The gospel seems demanding because its emphasis is on our work, our service, our responsibility to build the kingdom of God. Just as soon as Jesus lowers that obligation upon us, it is easy to flee for cover. We can all look for excuses. “Yes, I know I’m supposed to be loving, generous, forgiving, patient, and kind, but I have only so much energy.” “I’m not feeling all that well today.” “I have other things that I have to do first.” So, there you have it. Christ calls us to build the kingdom of God, and we have all kinds of reasons why we are too busy, too depressed, too tired, too old, or too weak to do it. So, how do we turn this around? How do we become the servants that Christ asks us to be? How do we motivate ourselves to build God’s kingdom?
It might surprise you, but what might be missing in this enterprise is beauty. August Renoir was one of the greatest painters of all time. His paintings are alive with color and beauty. Yet, for the last 20 years of Renoir’s life, he dealt with crippling arthritis. His hands were twisted and gnarled. He actually had to tie his paintbrush onto his hand in order to hold it. The arthritis also inflicted his back so he could not stand while he was painting. He required assistance to move from one position to the next. Every brush stroke, every movement was torture. On one occasion, his friend Matisse asked him, “August, why do you keep torturing yourself in this way? You don’t need the money. Why do you keep painting?” Renoir answered, “The pain passes, but the beauty remains.”
Renoir was able to push through the pain of his arthritis because he saw the beauty in what he was creating. He was able to accomplish what he could not out of obligation but out of the realization that what he was doing was important. We can apply this same attitude to doing the work of the gospel, because the work of Christ is both beautiful and important.
Yes, it is difficult at times to be patient and understanding with our children, with our parents, with our spouse. The fact that Christ commands us to do so doesn’t make it any easier. But, if we could see the beautiful parts of the people in our family, if we could recognize their sincerity, their innocence, their honesty, their energy, we could push through all the frustrating peculiarities and love them.
Yes, it is difficult at times to find the time and energy to help others: to give some time to the elderly neighbor who lives on our street, to work in a soup kitchen, to volunteer to teach a child to read. But, if we could remember the beauty of the people that we help and how important it is to have them fed, literate, and not alone, we could push through all the complications of our schedules and serve them.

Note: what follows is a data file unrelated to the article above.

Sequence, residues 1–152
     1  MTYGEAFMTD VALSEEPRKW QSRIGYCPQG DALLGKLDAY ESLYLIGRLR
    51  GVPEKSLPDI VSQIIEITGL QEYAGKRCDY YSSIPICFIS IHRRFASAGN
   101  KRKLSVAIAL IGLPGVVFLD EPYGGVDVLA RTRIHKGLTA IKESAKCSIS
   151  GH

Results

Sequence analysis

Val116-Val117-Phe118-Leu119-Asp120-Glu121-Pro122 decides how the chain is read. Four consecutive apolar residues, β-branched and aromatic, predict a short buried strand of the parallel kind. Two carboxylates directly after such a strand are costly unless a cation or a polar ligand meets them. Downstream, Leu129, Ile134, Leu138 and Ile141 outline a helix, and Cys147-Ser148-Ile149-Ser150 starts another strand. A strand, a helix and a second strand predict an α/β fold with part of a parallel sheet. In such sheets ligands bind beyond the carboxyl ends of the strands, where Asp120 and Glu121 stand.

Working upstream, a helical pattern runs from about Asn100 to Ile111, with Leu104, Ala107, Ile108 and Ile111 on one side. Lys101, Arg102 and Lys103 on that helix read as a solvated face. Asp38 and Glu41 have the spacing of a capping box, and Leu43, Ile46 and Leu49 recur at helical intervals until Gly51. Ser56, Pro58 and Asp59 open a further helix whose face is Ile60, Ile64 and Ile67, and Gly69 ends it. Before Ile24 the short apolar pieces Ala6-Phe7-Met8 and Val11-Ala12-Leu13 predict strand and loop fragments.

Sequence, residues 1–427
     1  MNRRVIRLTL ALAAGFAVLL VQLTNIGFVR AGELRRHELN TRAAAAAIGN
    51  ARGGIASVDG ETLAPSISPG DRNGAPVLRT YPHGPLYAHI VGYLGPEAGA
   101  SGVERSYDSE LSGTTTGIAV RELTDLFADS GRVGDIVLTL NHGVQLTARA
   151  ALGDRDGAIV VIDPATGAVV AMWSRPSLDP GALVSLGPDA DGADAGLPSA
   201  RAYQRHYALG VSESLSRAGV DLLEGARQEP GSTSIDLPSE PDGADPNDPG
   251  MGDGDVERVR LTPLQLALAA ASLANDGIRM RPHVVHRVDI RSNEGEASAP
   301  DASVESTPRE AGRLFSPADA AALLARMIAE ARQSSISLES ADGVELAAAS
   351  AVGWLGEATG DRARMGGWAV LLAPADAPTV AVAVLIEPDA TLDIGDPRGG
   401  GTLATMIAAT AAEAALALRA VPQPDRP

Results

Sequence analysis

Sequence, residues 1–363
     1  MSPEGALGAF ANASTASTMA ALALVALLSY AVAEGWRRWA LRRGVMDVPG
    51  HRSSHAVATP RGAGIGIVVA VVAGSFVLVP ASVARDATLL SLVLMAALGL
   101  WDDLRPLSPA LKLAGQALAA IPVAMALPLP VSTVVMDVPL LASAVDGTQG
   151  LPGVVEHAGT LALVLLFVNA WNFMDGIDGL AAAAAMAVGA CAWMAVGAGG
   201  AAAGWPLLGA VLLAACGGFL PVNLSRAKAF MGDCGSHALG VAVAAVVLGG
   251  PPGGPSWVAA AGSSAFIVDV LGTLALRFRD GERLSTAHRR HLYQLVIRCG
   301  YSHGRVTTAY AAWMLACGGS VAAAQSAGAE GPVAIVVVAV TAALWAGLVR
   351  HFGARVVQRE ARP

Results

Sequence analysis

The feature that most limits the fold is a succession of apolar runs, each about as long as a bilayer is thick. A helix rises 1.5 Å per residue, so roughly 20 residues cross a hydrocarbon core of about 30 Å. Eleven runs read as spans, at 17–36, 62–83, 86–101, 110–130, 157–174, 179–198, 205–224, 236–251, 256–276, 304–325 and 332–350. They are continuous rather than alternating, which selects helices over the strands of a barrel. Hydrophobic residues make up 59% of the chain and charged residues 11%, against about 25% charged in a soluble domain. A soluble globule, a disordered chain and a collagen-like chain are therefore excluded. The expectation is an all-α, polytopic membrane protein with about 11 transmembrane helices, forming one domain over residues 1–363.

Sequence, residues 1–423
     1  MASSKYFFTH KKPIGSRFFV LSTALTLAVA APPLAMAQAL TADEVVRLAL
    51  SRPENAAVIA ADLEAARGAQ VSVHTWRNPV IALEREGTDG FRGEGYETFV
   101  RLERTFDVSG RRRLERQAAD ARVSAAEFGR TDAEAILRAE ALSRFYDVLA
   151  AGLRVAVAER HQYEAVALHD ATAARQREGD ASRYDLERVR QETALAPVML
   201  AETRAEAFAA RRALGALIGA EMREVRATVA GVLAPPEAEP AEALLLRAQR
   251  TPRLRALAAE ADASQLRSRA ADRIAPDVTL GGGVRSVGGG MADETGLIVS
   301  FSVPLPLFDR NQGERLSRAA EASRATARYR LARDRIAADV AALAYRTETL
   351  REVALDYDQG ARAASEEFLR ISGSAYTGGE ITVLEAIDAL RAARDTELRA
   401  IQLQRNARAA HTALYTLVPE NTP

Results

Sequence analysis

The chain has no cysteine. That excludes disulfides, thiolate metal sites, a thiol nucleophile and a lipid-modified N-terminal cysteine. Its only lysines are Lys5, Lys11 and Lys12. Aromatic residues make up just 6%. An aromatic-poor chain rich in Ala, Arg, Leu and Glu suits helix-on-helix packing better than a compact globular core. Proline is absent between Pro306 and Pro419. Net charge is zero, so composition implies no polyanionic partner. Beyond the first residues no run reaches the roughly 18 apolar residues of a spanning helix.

When we’re dealing with grief or arthritis or discouragement, it is difficult to remain positive. But, if we could see the beauty of the smile that we could bring to another’s face, and understand the way that our attitude can lift the attitude of others, we can push through the pain and be the presence of Christ to those around us.
Jesus calls us to build God’s kingdom, and that is work. But if we see the beauty of the people in our families, the people in the world, and the importance of the people that we help, we can push through all the excuses and become Christ’s servants. The pain passes, but the beauty remains. Choose today to be a part of the beauty of God’s love.
An Examined Life
August 7, 2016
In today’s gospel, Jesus wants us to be vigilant, to stay awake. But why is this important to him? To answer this question, we have to understand what staying awake means. In the biblical sense, staying awake does not mean that we should try to get by with three hours of sleep or include Red Bull into our diet. Staying awake is something deeper. The Greek word to stay awake is also the word to stay alive. So Jesus’ call to vigilance is really a call that we live life as deeply as we can. You see, God’s will for us is not to run about hectically from one thing to another, become stuck in mindless routine, or give ourselves to something that is insignificant. Jesus calls us to live life to the fullest and to pull out of life as much joy as we can.